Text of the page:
blog_details.keys()

#output- dict_keys(['name', 'views', 'Years', 'articles'])
#We can see that output in in dict_keys type.
  • values():- This method returns all available values in the dictionary. Like KEYS(), it also returns output in a list-like structure (called as dict_values()) as mentioned above. These list-like values are different from a normal list in python as they don’t have append method. They can be used in for loop or can be converted into a normal list.
# using values to get all the values from a dictionary
blog_details.values()

#output- dict_values(['yoursdata', 500, 1, 5])
# we can see that ouput is in dict_values type.
  • items(): -This method returns all of the key-value pair present in the dictionary. This returns its output in a tuple. It is called dict_items. We can iterate over dict_items in a FOR loop using key and values.
# using items to get all items from a dicitonary
blog_details.items()

#output-dict_items([('name', 'yoursdata'), ('views', 500), ('Years', 1), ('articles', 5)])
#We can see that output is in dict_items type.
  • get():- As mentioned above, dictionary throws an error if you try to access values using a non-existent key. This can create a lot of problems. It will be a tedious task to make sure you are only checking for those keys which are available. Luckily dictionary has a method called GET(). It takes two arguments i.e. keys for which values to be checked, and a default fallback values if that key is not there in the dictionary.
# we will use get function to first get values from a dicitonay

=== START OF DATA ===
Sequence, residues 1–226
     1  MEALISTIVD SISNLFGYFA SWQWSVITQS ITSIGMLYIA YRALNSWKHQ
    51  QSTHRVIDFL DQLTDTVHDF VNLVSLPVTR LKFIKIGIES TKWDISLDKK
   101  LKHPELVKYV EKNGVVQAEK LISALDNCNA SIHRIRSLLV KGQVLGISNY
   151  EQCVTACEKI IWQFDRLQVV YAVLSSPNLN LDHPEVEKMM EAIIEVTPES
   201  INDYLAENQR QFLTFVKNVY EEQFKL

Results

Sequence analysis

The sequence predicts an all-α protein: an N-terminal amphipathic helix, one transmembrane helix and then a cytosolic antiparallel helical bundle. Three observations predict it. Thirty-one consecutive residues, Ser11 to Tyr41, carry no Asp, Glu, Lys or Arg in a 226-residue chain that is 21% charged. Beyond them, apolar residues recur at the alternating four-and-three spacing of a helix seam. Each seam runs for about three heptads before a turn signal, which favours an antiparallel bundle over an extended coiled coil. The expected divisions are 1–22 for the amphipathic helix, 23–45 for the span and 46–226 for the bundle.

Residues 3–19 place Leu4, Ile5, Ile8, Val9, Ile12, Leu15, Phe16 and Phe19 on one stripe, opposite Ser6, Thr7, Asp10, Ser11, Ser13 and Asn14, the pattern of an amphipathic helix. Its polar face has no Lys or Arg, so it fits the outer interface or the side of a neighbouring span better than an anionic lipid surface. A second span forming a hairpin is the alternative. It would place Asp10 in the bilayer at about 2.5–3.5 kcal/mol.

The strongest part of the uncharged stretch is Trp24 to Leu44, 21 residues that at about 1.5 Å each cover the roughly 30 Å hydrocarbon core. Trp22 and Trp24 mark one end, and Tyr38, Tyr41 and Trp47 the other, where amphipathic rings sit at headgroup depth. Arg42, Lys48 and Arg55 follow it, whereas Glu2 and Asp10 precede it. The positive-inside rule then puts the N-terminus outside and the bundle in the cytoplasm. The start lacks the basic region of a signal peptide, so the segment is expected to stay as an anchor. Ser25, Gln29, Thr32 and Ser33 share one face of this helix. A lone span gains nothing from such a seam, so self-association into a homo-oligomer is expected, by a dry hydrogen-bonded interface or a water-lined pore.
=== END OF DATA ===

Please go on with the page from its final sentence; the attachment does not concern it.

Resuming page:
# Case 1: When that key is present
blog_details.get('name', 'unknown')

#output- 'yoursdata'

# Case 2: When that key is not present
blog_details.get('domain', 'unknown')

#output- 'unknown'
  • setdefault():- This method can be used to either initialize new keys or to fetch the value if that key is already there.
 # using setdefault to initialize domain key
blog_details.setdefault('domain', 'technical')

#output- 'technical'
#domain as a key wasn't present in the blog_details. 
#So, setdefault() will initialize it with value as 'technical'

#let's check the updated blog_details  
print(blog_details) 

#output-{'name':'yoursdata', 'views':500, 'Years':1, 'articles':5, 'domain':'technical'} 
# As you can see, setdefault has initialized the "domain" key with "technical" value 
#let's run setdefault() again for domain key with different values 
blog_details.setdefault('domain', 'non-technical') 

#output- 'technical' 
#Now, blog_details already has 'domain' key so setdefault() will just return the
#stored value i.e. 'technical'
print(blog_details) 

#output-{'name':'yoursdata', 'views':500, 'Years':1, 'articles':5, 'domain':'technical'} 
#As key was already there, we can see blog_details is unchanged

Note :- In Python 2, there used to be 2 more functions i.e. cmp(dict1, dict2) and dict.has_key(key). Python 3 has removed these functions. And if you want these two fucntions, you can always write your code for this. cmp(dict1,dict2) was used to compare two dictionaries. dic.has_key(key) function was used to check whether a particular key is present in the dictionary or not.

Hopefully, this post will help you in learning Python Dictionary.  Let me know in the comment section if there is any doubt or problem regarding python dictionary. Please share and like the post, if you found it useful.

Leave a Comment

Your email address will not be published. Required fields are marked *